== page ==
On the Great Barrier Reef, Australia,
Coral Reefs Bursting to Go.
Within a few days, in the reefs around the Keppels, off Rockhampton and in the Capricorn Cays of the southern Great Barrier Reef, the annual spawning of coral is expected to take place. After the bleaching of the corals in January and February in 2006, last summer's spawning effort was half-hearted. "This year. they're bursting to go," said Central Queensland University coral ecologist Alison Jones. "If people can get to a reef and in the water between the 24th (tomorrow) and the 28th, about 7pm-7.30pm, they'll have a good chance of seeing it happen." In a synchronised exercise, corals liberate millions of eggs on still nights, after a full moon, when the tides are not so strong, the water temperature is right, and there's less chance of the eggs being swept away before fertilisation. As a prelude to the spawning, reef life, little fish and shrimps become wildly agitated. Then, small pink balls can be seen bulging from the polyp mouths of the corals. "They glow pink," Jones explained. "Everything around the reef gets very excited and you know it will happen within half an hour." For 15 minutes, millions of the pink globes stream to the surface. Click here to read more.
 
 
In Uganda, East Africa,
Lake Victoria is Now a Protected Nature Preserve.
Uganda has declared its first ever water reserve, aimed at protecting the disappearing Nile Perch and other species in Lake Victoria. Agriculture minister Hilary Onek said the protected area would be called ‘Commonwealth Lake Reserve’, in commemoration of the 2007 Commonwealth Heads of Government Meeting, which ended on Sunday. He said the protection of the new marine park would begin in December and be spearheaded by the agriculture ministry until funding from donors is found. The reserve, stretching 6.5km south of Munyonyo and 10.4km east of Entebbe, occupies about 100 square kilometres out of the Lake Victoria’s 34,800 square kilometres. It covers the islands of Mukusa, Sanga, Kawaga Light House, Tavu, Kizima, Miru, Mukusa and part of Kimmi, which are all uninhabited. Commercial fishing will not be allowed in the area, while sport fishing will only be permitted under strict conditions. The marine park is meant to protect biological diversity, as fish will be able to breed undisturbed. “Similar reserves worldwide regularly see a five-fold increase in fish stocks compared to nearby commercial fishing areas,” Onek said. Click here to read more.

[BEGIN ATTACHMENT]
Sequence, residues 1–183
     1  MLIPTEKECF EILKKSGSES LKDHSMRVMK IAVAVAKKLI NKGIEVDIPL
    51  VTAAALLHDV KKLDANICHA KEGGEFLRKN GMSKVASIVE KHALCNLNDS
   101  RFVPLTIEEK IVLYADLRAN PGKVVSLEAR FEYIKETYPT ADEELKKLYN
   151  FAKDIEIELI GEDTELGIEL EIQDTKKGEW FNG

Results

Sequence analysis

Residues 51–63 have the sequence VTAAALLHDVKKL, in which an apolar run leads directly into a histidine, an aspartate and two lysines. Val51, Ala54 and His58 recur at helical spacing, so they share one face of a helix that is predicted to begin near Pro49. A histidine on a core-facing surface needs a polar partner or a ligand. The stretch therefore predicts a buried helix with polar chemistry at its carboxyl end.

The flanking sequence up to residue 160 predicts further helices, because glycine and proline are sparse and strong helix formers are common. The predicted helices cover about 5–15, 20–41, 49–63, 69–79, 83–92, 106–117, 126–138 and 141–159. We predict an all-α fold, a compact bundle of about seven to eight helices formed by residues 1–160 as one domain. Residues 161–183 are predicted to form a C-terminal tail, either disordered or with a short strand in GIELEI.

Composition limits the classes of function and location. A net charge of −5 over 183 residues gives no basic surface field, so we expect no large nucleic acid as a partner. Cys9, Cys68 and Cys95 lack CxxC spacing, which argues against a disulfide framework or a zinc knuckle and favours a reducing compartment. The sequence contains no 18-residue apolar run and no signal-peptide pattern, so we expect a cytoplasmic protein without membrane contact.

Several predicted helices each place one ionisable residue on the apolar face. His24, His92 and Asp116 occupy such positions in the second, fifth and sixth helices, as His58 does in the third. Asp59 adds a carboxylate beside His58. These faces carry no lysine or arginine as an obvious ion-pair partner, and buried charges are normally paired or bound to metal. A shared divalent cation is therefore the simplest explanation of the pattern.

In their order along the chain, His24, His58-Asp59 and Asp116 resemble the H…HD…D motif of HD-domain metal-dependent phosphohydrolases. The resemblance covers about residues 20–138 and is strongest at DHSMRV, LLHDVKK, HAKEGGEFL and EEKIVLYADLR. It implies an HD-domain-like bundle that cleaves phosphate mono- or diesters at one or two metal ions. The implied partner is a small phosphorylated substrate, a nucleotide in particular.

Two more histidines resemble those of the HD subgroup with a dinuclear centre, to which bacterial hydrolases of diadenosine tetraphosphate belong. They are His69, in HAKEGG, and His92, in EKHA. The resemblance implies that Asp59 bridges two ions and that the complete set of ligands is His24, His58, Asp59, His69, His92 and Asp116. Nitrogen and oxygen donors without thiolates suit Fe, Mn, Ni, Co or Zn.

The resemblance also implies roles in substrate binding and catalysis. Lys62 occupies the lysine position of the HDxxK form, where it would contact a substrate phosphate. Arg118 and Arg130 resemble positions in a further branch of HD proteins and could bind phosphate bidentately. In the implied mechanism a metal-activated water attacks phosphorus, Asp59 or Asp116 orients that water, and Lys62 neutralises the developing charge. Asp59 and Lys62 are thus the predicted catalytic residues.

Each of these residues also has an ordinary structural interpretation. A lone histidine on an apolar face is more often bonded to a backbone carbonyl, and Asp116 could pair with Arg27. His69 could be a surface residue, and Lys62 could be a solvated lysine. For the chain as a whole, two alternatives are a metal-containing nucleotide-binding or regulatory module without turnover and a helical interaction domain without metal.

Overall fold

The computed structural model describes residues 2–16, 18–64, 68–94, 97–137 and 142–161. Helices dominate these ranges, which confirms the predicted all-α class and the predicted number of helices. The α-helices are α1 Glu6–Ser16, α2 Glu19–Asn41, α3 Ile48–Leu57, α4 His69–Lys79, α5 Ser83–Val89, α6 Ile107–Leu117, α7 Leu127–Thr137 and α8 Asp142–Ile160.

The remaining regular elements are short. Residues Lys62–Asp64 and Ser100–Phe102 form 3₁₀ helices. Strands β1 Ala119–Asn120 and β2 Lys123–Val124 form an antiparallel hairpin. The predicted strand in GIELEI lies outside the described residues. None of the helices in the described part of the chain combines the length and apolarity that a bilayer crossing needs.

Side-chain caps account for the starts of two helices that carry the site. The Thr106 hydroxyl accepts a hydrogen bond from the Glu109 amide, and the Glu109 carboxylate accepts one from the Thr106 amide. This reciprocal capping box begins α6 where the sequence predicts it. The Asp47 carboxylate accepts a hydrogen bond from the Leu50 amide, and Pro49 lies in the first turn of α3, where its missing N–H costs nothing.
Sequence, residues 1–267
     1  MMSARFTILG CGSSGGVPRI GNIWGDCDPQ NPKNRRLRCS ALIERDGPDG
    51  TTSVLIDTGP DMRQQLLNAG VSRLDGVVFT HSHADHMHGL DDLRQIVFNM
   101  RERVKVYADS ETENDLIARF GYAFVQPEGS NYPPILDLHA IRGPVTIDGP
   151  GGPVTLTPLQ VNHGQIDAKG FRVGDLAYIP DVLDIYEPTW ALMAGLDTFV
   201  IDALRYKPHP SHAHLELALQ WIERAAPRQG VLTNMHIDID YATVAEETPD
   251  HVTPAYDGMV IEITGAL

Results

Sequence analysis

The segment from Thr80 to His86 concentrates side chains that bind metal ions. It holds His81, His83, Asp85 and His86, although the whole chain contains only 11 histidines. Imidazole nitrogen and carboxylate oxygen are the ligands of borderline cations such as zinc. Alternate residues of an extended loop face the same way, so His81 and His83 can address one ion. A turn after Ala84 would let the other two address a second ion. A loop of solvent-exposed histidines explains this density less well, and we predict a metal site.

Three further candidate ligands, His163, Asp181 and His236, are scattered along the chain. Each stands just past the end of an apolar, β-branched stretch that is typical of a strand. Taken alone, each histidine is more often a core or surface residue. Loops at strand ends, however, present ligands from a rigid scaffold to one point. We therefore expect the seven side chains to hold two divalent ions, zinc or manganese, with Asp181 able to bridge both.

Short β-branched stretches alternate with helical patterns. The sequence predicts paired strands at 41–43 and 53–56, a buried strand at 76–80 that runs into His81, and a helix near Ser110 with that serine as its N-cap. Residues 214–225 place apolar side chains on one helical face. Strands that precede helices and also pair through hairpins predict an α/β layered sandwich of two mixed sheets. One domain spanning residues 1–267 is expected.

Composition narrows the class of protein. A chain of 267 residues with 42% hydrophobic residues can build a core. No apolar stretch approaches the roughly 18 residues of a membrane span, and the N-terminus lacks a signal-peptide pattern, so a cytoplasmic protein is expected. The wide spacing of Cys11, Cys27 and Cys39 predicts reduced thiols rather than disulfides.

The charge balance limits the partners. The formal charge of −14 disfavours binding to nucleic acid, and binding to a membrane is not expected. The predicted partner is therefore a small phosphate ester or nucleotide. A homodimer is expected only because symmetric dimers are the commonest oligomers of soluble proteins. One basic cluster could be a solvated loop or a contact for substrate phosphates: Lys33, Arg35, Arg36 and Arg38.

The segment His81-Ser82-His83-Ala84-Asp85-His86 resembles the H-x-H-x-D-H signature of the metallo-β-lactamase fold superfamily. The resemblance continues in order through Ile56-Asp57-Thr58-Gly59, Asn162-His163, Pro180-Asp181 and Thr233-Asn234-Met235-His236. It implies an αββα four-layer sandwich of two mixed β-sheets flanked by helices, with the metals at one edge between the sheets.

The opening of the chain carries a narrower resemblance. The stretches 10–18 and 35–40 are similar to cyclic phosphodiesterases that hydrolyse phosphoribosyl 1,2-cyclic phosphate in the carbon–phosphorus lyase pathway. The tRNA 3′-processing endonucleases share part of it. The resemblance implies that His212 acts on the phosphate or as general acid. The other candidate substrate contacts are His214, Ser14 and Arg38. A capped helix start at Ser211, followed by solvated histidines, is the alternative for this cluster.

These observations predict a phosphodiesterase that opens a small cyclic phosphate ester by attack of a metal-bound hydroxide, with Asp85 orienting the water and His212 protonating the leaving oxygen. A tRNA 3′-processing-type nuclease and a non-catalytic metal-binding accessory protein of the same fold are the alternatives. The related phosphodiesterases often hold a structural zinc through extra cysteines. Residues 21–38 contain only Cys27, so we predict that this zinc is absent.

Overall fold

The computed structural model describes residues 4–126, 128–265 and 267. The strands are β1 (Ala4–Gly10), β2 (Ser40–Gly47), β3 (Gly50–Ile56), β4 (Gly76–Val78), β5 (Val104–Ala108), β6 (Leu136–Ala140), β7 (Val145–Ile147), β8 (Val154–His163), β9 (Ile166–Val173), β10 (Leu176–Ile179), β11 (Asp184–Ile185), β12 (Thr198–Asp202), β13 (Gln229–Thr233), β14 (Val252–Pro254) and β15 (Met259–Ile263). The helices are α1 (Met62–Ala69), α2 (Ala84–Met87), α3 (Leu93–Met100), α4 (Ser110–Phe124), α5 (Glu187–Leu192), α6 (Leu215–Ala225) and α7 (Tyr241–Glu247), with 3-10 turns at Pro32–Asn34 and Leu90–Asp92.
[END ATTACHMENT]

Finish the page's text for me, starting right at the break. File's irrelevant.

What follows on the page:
From National Geographic Magazine
Giant Sea Scorpion was Bigger than a Man.
A fearsome fossil claw discovered in Germany belonged to the biggest bug ever known, scientists announced Tuesday. The size of a large crocodile, the 390-million-year-old sea scorpion was the top predator of its day, slicing up fish and cannibalizing its own kind in coastal swamp waters, fossil experts say. Jaekelopterus rhenaniae measured some 8.2 feet (2.5 meters) long, scientists estimate, based on the length of its 18-inch (46-centimeter), spiked claw. The find shows that arthropods—animals such as insects, spiders, and crabs, which have hard external skeletons, jointed limbs, and segmented bodies—once grew much larger than previously thought, said paleobiologist Simon Braddy of the University of Bristol in the United Kingdom. "This is an amazing discovery," Braddy said. "We have known for some time that the fossil record yields monster millipedes, supersized scorpions, colossal cockroaches, and jumbo dragonflies," he added. "But we never realized, until now, just how big some of these ancient creepy-crawlies were." The newfound fossil creature is estimated to be at least one and a half feet (46 centimeters) longer than any previously known prehistoric sea scorpion, a group called eurypterids. Click here to read more.